Investigation of the Hockley Cemetery, 41BX911, an African American Family of the Wetmore Community in Northeast San Antonio, Bexar County, Texas




McKenzie, Clinton M. M.

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Center for Archaeological Research, The University of Texas at San Antonio


On December 17, 2018, the Center for Archaeological Research (CAR) at The University of Texas at San Antonio (UTSA) conducted archaeological investigations at the Hockley Cemetery, 41BX911, in northeast San Antonio, Bexar County, Texas. Archival research on the subject property was conducted intermittently between November of 2018 and March of 2019. The work was at the request of Mr. Everett Fly acting as a representative of the San Antonio African American Community Archive and Museum (SAAACAM) and with the assent of Mrs. Joyce Carrington Harvey, Hockley Family Representative, on behalf of the Hockley Family Cemetery. The cemetery consists of 1.262 acres located within the Northern Hills neighborhood. A Texas Antiquities Permit was not required, and as no subsurface impacts or other development is planned, the City of San Antonio Unified Development Code requirements governing archaeological impacts did not apply. Clinton McKenzie performed the archival research and served as the Project Archaeologist, and Dr. Paul Shawn Marceaux, CAR Director, served as Principal Investigator. The cemetery, dedicated in 1908, was used until 1971. The purpose of the archival investigation was fourfold: 1) to determine who is buried in the Hockley Cemetery and when; 2) to ascertain additional burials that have a likelihood of being interred in the cemetery based on archival records and family oral histories; 3) to obtain the full chain of title for the property; and 4) to determine if the cemetery had been reduced in size from its initial dedication. The purpose of the archaeological field investigations was to document grave markers, monuments, or physical indications of a cemetery on the surface of the subject property and to document other historic or potentially historic features and artifacts. Following the efforts of SAAACAM to clear the site of dense brush and debris, CAR staff walked the property and used a Total Data Station to locate current boundaries, historic fence lines, and all potential cemetery artifacts and historic features and artifacts. No subsurface testing was conducted. One definitive and three potential grave markers were identified. The historic fence line and cemetery entrance on the north end was documented along with the remains of a historic limestone cistern or well. The complete survey of the property was not possible at the time of the fieldwork as a portion of the southern end of the cemetery has been encroached upon by residential properties. No specific graves nor in place monuments or markers were found. The site has been designated by the Texas Historical Commission as Texas Cemetery BX-C308. In addition, a single prehistoric artifact was found. The CAR recommends that the cemetery is eligible for nomination and inclusion on the Texas Historic Cemeteries Register. CAR also recommends that the original boundaries of the cemetery be re-established and that the presence or absence of graves be determined prior to any ground-disturbing activities within the property. Notes, photographs, and records generated by the project are curated and on file at the CAR. No artifacts were collected.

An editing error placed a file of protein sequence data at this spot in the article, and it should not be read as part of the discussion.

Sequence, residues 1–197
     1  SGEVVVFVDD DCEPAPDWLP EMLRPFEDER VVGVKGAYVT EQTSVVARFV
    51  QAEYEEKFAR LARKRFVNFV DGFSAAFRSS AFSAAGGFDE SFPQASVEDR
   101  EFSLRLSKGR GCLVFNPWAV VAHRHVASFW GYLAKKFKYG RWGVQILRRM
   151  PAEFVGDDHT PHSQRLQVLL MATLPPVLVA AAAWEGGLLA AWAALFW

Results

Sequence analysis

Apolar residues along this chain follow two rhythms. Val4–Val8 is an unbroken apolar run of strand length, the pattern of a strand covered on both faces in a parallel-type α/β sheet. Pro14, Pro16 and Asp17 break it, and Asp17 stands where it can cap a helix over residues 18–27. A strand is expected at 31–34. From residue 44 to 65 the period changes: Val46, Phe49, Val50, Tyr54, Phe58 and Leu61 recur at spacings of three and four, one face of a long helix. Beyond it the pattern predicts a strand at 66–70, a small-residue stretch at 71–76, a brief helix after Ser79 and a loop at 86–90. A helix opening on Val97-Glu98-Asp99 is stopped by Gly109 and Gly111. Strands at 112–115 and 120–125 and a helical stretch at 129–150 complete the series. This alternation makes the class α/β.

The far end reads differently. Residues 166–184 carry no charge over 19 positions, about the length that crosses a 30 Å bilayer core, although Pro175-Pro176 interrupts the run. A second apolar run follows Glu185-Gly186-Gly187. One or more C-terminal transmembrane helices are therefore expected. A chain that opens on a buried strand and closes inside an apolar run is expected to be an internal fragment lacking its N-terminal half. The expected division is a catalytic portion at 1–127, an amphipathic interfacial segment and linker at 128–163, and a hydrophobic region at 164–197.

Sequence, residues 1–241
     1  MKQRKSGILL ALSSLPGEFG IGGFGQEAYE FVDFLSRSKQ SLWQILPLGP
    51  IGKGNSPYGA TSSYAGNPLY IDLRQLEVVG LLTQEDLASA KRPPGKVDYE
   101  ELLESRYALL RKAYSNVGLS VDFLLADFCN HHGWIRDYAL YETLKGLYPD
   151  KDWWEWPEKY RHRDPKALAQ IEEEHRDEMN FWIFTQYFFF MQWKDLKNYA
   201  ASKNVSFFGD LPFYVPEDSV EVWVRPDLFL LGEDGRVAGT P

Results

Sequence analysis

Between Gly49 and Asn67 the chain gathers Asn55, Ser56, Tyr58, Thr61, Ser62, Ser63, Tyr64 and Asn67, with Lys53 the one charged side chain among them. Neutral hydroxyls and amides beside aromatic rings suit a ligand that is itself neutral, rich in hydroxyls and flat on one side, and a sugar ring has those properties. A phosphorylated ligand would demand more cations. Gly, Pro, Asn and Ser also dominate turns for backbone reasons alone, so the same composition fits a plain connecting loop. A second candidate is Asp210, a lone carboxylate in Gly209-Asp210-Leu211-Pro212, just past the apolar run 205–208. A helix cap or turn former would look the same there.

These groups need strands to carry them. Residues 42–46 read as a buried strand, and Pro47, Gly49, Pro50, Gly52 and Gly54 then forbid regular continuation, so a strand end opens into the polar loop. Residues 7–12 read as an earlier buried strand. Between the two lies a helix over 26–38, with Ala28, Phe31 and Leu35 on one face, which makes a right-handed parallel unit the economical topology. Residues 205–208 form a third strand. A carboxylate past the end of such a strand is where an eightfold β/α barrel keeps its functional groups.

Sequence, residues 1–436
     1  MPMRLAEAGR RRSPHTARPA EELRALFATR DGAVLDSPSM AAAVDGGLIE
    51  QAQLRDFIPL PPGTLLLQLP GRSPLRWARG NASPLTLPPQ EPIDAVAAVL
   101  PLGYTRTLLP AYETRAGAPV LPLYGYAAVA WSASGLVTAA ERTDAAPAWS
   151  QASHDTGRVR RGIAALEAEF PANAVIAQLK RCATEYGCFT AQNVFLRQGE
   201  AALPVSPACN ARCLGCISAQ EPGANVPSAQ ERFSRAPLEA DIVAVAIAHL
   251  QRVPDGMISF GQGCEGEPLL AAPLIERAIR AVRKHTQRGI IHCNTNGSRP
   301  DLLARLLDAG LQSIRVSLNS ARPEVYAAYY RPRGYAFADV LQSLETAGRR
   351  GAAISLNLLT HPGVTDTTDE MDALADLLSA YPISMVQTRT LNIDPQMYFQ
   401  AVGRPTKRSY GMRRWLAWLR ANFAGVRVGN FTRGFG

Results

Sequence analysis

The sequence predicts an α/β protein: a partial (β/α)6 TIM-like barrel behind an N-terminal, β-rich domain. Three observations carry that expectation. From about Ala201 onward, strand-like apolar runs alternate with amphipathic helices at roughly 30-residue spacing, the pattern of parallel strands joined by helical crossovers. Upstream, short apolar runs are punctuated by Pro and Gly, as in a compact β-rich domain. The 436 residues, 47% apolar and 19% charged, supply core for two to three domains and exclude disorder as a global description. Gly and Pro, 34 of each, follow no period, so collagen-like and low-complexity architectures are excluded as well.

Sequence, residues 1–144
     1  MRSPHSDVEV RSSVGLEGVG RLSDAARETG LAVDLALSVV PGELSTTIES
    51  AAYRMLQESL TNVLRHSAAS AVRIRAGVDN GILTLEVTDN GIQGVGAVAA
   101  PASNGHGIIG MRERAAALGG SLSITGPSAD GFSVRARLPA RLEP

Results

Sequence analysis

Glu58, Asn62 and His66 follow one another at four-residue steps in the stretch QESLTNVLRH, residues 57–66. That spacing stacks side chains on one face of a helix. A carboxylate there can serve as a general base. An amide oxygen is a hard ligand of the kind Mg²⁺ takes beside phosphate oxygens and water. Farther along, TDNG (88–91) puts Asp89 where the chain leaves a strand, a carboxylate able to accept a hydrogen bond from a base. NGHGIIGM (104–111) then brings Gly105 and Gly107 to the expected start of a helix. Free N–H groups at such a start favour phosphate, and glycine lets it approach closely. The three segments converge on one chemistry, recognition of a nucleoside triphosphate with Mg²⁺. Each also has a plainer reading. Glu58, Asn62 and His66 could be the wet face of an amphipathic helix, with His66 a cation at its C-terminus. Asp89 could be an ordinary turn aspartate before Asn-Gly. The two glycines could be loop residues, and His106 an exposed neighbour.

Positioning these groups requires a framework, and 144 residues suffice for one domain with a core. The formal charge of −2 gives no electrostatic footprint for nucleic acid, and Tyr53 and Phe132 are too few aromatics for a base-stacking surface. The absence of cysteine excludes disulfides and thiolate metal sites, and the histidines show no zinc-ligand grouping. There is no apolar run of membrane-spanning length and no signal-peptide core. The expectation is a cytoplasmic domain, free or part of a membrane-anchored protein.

archaeological investigation, archaeology, Texas archaeology, archaeological surveying, excavations, Bexar County, San Antonio, African Americans of Texas, cemetery, Wetmore